Wonkblog reports on what it concedes may be “the most controversial theory” about the rise of ISIS: inequality.
A year after his 700-page opus “Capital in the Twenty-First Century” stormed to the top of America’s best-seller lists, Thomas Piketty is out with a new argument about income inequality. It may prove more controversial than his book, which continues to generate debate in political and economic circles.
The new argument, which Piketty spelled out recently in the French newspaper Le Monde, is this: Inequality is a major driver of Middle Eastern terrorism, including the Islamic State attacks on Paris earlier this month — and Western nations have themselves largely to blame for that inequality.
The theory is relatively straightforward: wealth in the Middle East is concentrated in countries having a relatively small a share of the population, making the region the most unequal on the planet.
Within the fabulously rich monarchies, a very few people control most of the wealth. Others, especially women and refugees, are kept in what he describes as “a state of semi-slavery.” Picketty says that it is those economic conditions that have provided justification for the region’s jihadists–although he concedes that the casualties inflicted by the West’s wars have been a contributing factor.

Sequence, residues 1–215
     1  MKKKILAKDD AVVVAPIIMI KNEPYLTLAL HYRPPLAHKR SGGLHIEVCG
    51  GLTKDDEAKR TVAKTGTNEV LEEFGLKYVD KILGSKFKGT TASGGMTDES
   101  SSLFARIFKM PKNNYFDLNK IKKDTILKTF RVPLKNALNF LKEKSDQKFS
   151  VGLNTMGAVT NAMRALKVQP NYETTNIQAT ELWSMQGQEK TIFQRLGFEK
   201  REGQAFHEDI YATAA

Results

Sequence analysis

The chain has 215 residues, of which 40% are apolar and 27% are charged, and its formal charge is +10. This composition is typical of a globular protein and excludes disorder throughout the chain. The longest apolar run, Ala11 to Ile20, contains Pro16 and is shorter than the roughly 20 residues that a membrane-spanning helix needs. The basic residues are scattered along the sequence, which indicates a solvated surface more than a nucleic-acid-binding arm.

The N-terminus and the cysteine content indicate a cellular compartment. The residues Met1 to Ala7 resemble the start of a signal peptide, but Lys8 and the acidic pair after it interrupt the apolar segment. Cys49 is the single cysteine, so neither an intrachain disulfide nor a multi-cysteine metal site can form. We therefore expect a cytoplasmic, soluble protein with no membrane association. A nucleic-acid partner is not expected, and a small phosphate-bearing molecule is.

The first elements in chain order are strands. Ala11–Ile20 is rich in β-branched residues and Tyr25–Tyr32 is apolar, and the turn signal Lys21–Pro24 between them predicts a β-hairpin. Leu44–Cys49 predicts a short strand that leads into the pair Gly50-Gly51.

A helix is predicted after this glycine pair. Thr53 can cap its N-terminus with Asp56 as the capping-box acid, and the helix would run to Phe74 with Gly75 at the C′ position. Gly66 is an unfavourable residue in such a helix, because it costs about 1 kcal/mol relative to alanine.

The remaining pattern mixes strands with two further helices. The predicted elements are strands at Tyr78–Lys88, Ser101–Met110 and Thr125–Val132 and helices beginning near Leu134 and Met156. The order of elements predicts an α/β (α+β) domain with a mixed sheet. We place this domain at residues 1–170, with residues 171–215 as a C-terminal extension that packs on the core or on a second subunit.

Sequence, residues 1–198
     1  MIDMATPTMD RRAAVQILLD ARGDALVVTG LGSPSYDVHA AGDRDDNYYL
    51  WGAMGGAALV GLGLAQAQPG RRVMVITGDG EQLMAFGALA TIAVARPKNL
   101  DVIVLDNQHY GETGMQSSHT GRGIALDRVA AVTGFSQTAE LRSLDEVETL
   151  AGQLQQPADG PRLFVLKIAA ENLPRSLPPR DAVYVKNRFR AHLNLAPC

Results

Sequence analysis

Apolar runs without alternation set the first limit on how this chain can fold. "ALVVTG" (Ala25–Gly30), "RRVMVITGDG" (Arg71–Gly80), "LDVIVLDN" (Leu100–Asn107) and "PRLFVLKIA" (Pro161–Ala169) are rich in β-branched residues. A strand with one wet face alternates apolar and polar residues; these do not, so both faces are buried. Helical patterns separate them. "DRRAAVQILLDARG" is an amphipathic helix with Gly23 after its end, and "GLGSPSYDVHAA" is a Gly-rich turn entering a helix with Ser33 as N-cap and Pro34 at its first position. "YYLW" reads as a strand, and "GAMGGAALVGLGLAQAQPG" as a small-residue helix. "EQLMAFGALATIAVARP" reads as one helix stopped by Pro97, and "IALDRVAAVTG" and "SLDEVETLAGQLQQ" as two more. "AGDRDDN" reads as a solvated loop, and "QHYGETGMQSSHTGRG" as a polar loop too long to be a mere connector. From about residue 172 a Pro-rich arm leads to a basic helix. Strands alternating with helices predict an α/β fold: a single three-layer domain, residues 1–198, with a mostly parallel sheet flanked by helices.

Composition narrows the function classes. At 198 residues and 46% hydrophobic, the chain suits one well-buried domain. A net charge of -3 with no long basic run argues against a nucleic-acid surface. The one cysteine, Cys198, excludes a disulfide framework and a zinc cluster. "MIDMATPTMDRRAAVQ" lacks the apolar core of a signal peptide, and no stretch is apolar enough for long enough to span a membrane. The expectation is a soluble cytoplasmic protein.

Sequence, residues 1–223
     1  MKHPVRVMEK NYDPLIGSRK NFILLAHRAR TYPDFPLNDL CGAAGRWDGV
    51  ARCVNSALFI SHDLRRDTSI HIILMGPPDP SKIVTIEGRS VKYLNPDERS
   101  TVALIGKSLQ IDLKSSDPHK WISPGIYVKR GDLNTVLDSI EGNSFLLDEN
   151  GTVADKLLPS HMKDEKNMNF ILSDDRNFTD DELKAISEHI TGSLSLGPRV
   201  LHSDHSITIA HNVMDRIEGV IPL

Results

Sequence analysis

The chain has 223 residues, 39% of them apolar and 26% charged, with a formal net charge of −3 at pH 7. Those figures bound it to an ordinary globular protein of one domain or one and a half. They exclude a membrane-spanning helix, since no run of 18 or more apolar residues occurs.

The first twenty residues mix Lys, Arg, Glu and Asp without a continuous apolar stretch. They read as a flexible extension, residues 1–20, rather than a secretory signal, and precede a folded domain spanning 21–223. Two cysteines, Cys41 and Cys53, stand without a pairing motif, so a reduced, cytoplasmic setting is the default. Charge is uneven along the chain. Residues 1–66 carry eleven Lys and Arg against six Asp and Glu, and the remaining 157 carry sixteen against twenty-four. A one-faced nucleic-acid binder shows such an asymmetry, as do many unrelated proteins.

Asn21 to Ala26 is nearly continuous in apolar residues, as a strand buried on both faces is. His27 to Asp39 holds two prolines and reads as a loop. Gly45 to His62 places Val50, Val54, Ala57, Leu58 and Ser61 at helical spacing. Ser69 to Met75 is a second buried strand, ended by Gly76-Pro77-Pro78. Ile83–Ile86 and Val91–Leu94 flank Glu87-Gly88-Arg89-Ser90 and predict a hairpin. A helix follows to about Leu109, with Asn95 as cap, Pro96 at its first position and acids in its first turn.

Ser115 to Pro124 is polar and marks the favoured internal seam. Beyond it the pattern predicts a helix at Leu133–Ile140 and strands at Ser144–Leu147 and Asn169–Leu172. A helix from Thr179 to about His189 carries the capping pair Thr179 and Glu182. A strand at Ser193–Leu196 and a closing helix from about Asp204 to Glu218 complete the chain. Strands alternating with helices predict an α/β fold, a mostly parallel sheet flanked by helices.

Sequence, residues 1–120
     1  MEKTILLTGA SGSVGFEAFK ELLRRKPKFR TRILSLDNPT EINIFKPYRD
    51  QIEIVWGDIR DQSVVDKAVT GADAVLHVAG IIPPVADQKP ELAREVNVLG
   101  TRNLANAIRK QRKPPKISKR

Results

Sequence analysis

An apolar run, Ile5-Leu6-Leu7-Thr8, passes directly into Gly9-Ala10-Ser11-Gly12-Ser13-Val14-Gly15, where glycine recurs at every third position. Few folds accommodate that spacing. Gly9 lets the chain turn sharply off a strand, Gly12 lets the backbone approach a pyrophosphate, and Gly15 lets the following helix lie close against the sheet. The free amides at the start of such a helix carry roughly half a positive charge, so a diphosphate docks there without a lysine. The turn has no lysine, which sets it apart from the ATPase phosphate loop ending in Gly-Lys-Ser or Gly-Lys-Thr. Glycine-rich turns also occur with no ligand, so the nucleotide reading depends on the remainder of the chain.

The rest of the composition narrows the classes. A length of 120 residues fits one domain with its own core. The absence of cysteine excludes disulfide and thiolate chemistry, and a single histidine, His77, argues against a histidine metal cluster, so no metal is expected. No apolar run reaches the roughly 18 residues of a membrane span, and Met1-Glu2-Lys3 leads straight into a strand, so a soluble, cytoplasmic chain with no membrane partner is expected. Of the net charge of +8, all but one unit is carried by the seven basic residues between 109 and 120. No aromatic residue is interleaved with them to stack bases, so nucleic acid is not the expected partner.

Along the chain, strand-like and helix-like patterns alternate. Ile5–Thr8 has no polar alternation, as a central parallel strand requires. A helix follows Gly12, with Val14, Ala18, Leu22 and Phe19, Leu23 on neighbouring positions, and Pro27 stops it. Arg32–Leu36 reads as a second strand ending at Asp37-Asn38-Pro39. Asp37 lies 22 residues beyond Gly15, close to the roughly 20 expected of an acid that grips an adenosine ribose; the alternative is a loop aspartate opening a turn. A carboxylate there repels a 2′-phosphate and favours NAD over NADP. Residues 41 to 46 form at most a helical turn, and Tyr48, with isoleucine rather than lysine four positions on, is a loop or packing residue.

The clear implication is that economic deprivation and the horrors of wars that benefited only a select few of the region’s residents have, mixed together, become what he calls a “powder keg” for terrorism across the region.
Piketty is particularly scathing when he blames the inequality of the region, and the persistence of oil monarchies that perpetuate it, on the West: “These are the regimes that are militarily and politically supported by Western powers, all too happy to get some crumbs to fund their [soccer] clubs or sell some weapons. No wonder our lessons in social justice and democracy find little welcome among Middle Eastern youth.”
If we take Piketty’s argument seriously, we can add terrorism to the list of deleterious consequences generated by inequality. If the West did accept the analysis, it would also suggest that economic measures, not tanks, are the armaments most likely to be effective in the fight against ISIS. (Considering everything from entrenched worldviews, the political clout and interests of arms dealers, and–in the U.S.– a political system that routinely categorizes countries unwilling to dance to our tune as “evil-doers,” I don’t see America accepting Piketty’s premise any time soon. If ever.)
Even if we were able to forge a consensus on the need to ameliorate economic inequality–not just in the Middle East, but here at home–we would still have to confront thorny issues. It’s one thing to identify inequality as a central problem of our age; it is another to determine the precise point at which unequal distribution of life’s goods becomes inequitable and counterproductive. It is one thing to say “We need to fix this,” and quite another to figure out how. (If communism taught us anything, it was how not to redistribute wealth.)
The challenge for our age is to figure out how to be fair without being stupid.
I think I’m going to reread John Rawls’ A Theory of Justice….